observations, we choose to use as input features for our experiments the past loads,
daily temperature, the time of day, month, day of the week and whether the day is a
holiday [4, 28]. These features are encoded as numerical or binary values and nor-
malized to lie in the range [0, 1] using the MinMaxScaler from scikit-learn, while
categorical features are one-hot encoded using LabelEncoder from scikit-learn.
4 Experimental Results
A one-month forecast obtained from the four models is shown in Fig. 3 for 100
timesteps (50 hours). Qualitatively, it can be seen from the ﬁgure that the forecast
is fairly accurate for the LSTM, SVR (RBF, linear), and XGboost models, while
being considerably worse for SVR (polynomial). The ﬁgure also shows that the
forecasts obtained from Prophet consistently overestimate the actual value, while at
the same time not capturing small-scale variations in the load behaviour. We believe
that the superior performance of the LSTM, SVR, and XGboost models is due to the
incorporation of multivariate data. Note that despite the external features provided
to the models are measured daily (temperature is provided as a daily average), the
multivariate models still exhibit superior performance.
Table 2 shows the RMSE and MAPE values for each model while predicting the
half-hourly load for one month. The results for multivariate models are as following
for the LSTM model which obtains the highest accuracy with a MAPE value of
1.51 percent and RMSE value of 13.5 MW, followed by SVR (RBF, Linear) and
XGBoost with MAPE values of 2.1 percent and RMSE values of 17.6 MW, 17.9
8 M. Selim, R. Zhou, W. Feng and O. Alam
Fig. 3 Predictions (blue) compared with actual values (orange) for 100 time steps in January 1999
using (a) LSTM (b) SVR (c) XGboost (d) Facebook Prophet Package.
MW, and 18.2 MW respectively. While the lowest accuracy is for the Facebook
Prophet univariate model with a MAPE value of 14.4 percent and RMSE value of
Table 2 MAPE and RMSE for multivariate models (LSTM, SVR XGboost) and (The Facebook
Prophet) univariate model
LSTM SVR SVR SVR Gradient Facebook
RBF Ker. Linear Ker. Poly Ker. Boosting Prophet
MAPE 1.51 2.1 2.1 4.0 2.1 14.4
RMSE 13.5 17.6 17.9 36.7 16.64 102.2
To estimate the contribution of the external features on multivariate models ac-
curacy, we conducted the same experiment for the LSTM, SVR, and XGboost mod-
els without using past power consumption as an input feature. Table 3 shows the
RMSE and MAPE values for each model while predicting the half-hourly load for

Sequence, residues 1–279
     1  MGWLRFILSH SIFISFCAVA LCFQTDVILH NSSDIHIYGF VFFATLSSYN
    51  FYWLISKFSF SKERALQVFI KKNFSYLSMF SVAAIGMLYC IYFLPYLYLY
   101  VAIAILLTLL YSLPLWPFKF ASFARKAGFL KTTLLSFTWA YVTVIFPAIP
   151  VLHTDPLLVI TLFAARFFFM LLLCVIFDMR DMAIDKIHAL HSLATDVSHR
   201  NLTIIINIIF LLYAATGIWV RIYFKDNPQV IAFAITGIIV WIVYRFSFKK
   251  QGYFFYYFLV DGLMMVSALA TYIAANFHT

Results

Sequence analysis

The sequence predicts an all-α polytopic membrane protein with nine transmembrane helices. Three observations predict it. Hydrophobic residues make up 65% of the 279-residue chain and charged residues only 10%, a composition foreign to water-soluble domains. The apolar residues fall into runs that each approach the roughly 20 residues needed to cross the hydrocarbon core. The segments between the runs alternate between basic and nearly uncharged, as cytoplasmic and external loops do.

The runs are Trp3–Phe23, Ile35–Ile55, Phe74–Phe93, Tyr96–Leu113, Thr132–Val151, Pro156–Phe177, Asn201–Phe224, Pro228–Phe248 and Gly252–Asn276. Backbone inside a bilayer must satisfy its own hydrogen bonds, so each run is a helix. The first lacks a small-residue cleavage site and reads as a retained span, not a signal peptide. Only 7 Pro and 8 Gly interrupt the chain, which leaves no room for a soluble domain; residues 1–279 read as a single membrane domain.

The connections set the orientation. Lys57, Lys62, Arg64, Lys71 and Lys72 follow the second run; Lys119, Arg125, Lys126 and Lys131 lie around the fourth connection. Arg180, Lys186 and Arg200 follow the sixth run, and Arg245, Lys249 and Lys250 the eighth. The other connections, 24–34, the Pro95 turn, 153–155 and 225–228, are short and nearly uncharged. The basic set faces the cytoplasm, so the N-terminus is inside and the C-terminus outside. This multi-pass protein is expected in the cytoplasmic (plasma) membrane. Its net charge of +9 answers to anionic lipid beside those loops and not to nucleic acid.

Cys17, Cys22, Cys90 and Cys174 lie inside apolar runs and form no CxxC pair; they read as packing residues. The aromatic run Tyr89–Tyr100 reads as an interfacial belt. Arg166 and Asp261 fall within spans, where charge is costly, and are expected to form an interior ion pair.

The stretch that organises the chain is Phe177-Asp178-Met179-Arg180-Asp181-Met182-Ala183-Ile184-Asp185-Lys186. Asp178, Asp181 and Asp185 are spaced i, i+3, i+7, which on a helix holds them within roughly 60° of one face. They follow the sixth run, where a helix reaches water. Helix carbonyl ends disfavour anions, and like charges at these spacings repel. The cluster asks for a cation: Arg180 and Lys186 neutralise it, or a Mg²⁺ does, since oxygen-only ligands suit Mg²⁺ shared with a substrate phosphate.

one month. The LSTM model obtains the highest accuracy with a MAPE value of
6.1 percent and RMSE value of 51.161 MW, followed by SVR (Poly) and XGBoost
with MAPE values of 6.4 and 7.5 percent, respectively. We note that multivariate
models still achieve reasonable accuracy and outperform the univariate model even
without using past power consumption as an input feature.
The Impact of External Features on Prediction Accuracy 9
Table 3 MAPE and RMSE for multivariate models (LSTM, SVR XGboost) and univariate model
(Prophet) without using past power consumption as input feature.
LSTM SVR SVR SVR XGBoost Facebook
RBF Ker. Linear Ker. Poly Ker. Prophet
MAPE 6.1 16.0 12.1 6.4 7.5 14.4
RMSE 51.161 128.355 96.036 52.863 63.135 102.2
External features, even when provided on longer timescales than the time series
of interest, can prove useful for improving prediction accuracy. In this work, we
compare four forecasting algorithms for time series - LSTM, SVR, XGBoost, and
the Prophet package - for the problem of short-term energy load forecasting. We
show that despite the external features of interest (e.g., temperature and holidays)
being measured on a daily basis, they considerably increase the accuracy of the
forecast for multivariate models as compared to the univariate model. Even when
past values are not provided to the model, the models achieve reasonable accuracy
based only on these external features and the time of day.
As future work, we intend to use datasets from other areas such as ﬁnance and
medical applications to investigate the consistency of algorithm performance. We
will also consider to develop new computational models that would take the advan-
tages of both multivariate and univariate time series algorithms.
Acknowledgements The project was supported by a grant from the Natural Sciences and Engi-
neering Research Council of Canada (NSERC).
1. Kadir Amasyali and Nora M El-Gohary. A review of data-driven building energy consumption
prediction studies. Renewable and Sustainable Energy Reviews, 81:1192–1205, 2018.